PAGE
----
The Internet and the World Wide Web it supports has become an increasingly ubiquitous infrastructure. While there is still much to be done to make this ecosystem universally available and accessible, it has reached average levels of availability of around 65 percent worldwide. There are plenty of underserved pockets of the world that have no access or inadequate access, however, so there is still much work to be done.
In the US, a 42 billion USD infrastructure program has been mounted to provide broadband access to the Internet especially in rural areas and urban centers where access is patchy, inadequate, or nonexistent. We are becoming vitally dependent on access to the Internet, most especially by way of mobile smartphones that seem to have a never-ending stream of new “apps” available.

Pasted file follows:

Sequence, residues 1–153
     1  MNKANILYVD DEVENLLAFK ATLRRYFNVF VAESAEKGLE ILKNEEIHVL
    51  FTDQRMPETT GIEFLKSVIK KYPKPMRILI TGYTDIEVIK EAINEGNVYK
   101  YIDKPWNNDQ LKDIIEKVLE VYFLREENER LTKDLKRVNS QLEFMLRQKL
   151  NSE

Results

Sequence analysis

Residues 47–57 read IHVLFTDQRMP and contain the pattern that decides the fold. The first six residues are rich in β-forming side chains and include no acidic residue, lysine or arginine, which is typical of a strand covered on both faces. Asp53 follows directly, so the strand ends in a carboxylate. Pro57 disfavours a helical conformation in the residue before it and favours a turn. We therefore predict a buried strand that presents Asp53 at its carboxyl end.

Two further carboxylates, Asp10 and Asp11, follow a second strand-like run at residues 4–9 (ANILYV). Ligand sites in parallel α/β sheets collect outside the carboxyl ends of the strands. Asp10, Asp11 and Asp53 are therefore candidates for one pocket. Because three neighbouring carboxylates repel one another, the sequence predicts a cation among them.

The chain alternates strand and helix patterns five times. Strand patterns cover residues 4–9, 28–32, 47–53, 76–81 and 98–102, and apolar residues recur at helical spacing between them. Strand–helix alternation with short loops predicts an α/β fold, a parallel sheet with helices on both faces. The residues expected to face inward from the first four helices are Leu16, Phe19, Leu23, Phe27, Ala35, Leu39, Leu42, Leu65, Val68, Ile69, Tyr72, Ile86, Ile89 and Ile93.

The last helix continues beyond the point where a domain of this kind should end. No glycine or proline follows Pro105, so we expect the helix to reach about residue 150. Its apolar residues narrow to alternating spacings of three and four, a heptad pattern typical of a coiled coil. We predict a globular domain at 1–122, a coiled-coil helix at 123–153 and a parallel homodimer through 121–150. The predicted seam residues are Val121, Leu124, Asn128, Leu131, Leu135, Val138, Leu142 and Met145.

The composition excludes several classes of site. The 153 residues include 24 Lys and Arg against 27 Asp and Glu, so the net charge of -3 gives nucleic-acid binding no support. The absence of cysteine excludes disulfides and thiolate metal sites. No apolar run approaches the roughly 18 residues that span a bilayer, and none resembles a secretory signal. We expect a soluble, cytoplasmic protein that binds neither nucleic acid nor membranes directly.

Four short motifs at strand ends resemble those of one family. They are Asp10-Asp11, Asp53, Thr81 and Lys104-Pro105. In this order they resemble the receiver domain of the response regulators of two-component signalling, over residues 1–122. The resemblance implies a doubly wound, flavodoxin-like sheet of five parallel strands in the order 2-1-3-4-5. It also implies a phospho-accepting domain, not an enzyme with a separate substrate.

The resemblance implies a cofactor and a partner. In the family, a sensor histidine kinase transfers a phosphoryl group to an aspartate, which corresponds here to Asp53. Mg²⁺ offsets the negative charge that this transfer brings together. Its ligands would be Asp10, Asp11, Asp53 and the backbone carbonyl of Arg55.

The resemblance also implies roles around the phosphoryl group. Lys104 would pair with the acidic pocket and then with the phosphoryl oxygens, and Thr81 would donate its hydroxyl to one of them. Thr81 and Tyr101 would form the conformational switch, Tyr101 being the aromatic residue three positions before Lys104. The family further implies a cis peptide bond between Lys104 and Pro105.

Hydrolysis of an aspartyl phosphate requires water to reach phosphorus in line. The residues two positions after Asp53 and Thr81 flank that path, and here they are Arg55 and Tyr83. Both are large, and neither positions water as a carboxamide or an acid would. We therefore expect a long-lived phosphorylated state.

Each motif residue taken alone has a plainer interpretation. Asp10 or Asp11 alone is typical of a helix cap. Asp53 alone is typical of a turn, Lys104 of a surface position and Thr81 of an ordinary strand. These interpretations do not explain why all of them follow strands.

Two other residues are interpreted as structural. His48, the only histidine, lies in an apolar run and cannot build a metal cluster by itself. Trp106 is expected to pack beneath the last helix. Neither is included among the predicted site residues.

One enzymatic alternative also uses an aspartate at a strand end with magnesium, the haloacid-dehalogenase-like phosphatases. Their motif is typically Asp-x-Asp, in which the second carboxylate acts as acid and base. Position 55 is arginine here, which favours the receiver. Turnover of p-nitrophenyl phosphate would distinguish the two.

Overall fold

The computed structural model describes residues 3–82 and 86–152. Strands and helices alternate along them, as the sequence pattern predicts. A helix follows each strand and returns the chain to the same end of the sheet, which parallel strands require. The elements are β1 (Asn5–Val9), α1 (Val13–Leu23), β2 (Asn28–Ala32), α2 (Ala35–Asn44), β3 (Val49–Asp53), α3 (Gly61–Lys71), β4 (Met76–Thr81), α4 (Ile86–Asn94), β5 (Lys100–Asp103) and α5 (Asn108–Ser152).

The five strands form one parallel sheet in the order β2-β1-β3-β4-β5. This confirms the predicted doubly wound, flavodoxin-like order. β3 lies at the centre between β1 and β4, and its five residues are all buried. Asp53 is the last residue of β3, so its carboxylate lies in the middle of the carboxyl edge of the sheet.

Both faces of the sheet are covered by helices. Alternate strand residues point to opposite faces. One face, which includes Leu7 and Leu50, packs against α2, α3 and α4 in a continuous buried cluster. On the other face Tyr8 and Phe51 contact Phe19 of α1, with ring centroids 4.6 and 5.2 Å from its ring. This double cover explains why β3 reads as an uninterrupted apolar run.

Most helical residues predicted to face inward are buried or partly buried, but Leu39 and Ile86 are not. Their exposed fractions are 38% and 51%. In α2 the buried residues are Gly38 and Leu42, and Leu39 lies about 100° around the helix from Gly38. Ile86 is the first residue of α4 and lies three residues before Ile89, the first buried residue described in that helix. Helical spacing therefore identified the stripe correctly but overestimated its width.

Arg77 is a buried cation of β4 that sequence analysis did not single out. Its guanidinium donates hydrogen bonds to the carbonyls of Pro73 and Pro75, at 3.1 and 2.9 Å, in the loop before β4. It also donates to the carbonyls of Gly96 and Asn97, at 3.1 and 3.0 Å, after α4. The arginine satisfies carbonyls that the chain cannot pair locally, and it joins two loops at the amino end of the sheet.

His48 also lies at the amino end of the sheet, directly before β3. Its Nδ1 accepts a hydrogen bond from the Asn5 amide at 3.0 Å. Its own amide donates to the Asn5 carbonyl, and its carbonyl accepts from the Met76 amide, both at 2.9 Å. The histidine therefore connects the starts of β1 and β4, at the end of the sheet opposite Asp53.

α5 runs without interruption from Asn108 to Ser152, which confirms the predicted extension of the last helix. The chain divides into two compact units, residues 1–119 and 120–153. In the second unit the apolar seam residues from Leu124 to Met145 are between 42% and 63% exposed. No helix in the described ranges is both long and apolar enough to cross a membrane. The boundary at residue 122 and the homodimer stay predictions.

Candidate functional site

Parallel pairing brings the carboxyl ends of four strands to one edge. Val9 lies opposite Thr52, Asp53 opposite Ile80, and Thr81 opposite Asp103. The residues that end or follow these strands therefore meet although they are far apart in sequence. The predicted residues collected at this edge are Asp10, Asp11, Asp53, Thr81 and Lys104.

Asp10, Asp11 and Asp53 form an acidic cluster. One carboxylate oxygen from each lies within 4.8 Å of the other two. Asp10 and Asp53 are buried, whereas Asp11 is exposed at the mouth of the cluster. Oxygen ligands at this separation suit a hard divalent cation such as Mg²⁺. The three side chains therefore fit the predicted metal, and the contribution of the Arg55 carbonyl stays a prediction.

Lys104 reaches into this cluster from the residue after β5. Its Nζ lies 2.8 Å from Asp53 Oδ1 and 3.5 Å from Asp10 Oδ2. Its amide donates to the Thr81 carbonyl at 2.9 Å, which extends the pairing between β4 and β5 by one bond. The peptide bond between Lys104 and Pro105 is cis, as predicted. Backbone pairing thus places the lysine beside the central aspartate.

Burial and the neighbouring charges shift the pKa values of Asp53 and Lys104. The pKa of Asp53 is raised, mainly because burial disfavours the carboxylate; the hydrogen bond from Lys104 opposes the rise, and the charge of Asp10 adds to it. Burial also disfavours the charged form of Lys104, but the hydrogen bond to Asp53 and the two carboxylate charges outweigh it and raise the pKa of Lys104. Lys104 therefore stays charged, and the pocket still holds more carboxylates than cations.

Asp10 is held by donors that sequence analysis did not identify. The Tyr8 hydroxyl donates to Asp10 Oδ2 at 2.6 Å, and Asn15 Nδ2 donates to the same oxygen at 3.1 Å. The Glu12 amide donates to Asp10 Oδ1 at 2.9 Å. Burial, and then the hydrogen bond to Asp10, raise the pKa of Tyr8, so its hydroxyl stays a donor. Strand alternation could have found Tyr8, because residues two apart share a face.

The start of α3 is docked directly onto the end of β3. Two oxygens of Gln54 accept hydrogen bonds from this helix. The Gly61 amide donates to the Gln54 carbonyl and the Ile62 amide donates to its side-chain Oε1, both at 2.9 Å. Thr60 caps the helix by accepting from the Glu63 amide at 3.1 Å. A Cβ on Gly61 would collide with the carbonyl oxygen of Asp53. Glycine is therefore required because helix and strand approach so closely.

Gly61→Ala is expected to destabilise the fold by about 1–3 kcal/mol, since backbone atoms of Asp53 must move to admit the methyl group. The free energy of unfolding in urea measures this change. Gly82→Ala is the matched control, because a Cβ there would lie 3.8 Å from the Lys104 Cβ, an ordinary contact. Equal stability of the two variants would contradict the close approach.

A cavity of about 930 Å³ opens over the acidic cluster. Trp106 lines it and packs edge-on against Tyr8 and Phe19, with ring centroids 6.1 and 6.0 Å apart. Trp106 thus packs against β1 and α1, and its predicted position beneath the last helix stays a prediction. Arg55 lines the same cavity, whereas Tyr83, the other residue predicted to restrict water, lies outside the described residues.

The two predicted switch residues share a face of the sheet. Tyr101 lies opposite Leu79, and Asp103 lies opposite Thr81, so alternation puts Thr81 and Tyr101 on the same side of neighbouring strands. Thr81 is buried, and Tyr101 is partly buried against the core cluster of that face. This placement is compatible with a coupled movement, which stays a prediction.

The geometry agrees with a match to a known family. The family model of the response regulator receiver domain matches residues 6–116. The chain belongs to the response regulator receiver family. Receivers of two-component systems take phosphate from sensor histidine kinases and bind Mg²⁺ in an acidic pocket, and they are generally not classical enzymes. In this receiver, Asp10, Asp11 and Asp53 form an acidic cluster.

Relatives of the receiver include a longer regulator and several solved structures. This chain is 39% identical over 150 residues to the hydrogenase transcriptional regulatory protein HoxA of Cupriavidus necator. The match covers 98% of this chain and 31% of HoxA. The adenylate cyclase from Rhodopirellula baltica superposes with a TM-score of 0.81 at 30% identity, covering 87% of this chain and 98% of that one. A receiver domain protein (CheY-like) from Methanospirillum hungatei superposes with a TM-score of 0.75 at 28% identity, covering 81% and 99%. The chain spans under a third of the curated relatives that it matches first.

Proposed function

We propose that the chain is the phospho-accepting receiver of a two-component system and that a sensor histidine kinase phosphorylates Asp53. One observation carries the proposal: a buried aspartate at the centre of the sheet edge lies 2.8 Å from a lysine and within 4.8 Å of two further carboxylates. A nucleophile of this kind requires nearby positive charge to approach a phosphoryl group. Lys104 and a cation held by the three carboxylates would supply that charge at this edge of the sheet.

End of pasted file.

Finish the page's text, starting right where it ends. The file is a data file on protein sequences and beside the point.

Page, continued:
While recognizing all the benefits this technology has conferred over the past 40 years since the Internet became operational, we must also recognize that it has become a high-risk area of cyberspace in which the infrastructure is abused in ways that cause serious economic or other harms. By analogy, the incredibly useful road systems of the world are also hazardous places where unsafe drivers create real risks. Parties on the road and on the Internet need to be held accountable for their behaviors—and when these behaviors are harmful, there must be consequences. Because the Internet is global in scope, accountability must be achieved in an international setting. Such a global approach demands cooperation among national parties who seek to hold accountable those who would harm others by means of the Internet.